Access to Radiation Therapy by Syrian Refugees Displaced to TurkeyFor over 10 years, the Syrian conflict has caused millions of people to leave their homeland, causing one of the biggest refugee crises in modern history. Considering its prevalence, cancer is an important care burden among Syrian refugees. Radiation therapy is one of the essential parts of cancer treatment, and radiation oncology departments must guarantee optimal cancer treatments even in such a challenging setting when patients are displaced forcefully from their homes. National and institutional measures are highlighted in this manuscript to provide suggestions for the delivery of care during refugee crises.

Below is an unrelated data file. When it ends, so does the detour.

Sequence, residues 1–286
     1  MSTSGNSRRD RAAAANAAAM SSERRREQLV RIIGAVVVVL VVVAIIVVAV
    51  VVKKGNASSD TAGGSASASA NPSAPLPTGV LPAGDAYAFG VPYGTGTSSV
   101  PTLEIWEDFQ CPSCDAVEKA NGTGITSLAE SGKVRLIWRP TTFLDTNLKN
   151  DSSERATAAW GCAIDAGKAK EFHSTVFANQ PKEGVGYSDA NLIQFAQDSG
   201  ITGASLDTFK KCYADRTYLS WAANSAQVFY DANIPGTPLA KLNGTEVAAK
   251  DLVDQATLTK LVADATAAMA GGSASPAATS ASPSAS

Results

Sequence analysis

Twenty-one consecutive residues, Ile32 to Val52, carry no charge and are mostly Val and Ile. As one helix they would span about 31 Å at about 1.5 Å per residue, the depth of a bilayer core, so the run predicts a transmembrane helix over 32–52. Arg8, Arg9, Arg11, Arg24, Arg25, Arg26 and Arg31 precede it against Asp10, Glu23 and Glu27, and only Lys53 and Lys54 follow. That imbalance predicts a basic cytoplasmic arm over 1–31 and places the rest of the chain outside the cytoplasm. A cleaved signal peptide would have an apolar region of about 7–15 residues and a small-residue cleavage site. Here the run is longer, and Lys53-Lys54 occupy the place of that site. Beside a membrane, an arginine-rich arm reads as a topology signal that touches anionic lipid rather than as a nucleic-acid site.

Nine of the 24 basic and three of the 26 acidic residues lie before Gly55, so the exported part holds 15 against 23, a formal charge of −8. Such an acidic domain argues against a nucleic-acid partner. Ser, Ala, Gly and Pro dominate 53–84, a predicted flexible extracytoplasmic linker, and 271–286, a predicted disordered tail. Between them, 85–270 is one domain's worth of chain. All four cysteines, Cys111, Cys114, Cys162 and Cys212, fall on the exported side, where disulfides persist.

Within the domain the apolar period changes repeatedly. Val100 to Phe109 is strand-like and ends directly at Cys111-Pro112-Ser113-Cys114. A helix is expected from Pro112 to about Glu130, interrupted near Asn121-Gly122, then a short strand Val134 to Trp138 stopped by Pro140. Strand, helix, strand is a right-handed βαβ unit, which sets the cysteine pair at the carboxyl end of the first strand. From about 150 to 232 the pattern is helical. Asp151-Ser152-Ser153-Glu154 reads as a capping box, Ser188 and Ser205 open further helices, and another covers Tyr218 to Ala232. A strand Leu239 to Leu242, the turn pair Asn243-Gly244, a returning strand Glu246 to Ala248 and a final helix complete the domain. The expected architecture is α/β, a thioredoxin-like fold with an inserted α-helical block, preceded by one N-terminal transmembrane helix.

Psychosocial Impact of the War in Ukraine on Pediatric Cancer Patients and Their Families Receiving Oncological Care Outside Their Country at the Onset of HostilitiesPsychosocial care of pediatric cancer patients and their families is as critical as the medical and surgical components of their therapies. Strains on family communication and structure and financial need are linked to poorer psychological outcomes for both patients and families. It is critical that children remain as connected as possible to their communities and extended families during therapy. For Ukrainian pediatric cancer patients receiving care outside of their nation's borders on February 24, 2022, the Russian invasion of Ukraine compounded these problems.